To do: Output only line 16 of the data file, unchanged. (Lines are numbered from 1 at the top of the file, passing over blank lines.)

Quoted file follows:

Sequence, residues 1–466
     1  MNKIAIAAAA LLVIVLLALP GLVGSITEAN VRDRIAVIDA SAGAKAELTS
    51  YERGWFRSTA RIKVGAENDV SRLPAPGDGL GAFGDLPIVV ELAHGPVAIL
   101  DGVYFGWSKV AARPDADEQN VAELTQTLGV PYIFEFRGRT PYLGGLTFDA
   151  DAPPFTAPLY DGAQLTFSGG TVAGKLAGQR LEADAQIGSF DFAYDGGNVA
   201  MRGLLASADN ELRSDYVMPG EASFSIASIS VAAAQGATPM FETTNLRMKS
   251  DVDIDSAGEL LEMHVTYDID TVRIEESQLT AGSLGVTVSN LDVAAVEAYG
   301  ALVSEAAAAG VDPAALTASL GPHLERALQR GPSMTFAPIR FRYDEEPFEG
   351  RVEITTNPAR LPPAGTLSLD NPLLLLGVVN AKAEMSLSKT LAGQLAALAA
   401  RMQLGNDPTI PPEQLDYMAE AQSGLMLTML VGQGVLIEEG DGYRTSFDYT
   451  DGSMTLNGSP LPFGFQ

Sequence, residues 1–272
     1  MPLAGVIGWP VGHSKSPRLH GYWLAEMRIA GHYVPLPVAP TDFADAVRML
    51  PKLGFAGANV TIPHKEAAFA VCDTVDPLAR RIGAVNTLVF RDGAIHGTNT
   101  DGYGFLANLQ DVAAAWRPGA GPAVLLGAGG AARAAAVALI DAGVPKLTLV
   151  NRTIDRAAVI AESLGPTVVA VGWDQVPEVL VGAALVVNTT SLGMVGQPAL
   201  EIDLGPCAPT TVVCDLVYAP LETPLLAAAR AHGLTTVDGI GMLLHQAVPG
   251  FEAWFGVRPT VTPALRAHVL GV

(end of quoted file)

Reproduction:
   151  NRTIDRAAVI AESLGPTVVA VGWDQVPEVL VGAALVVNTT SLGMVGQPAL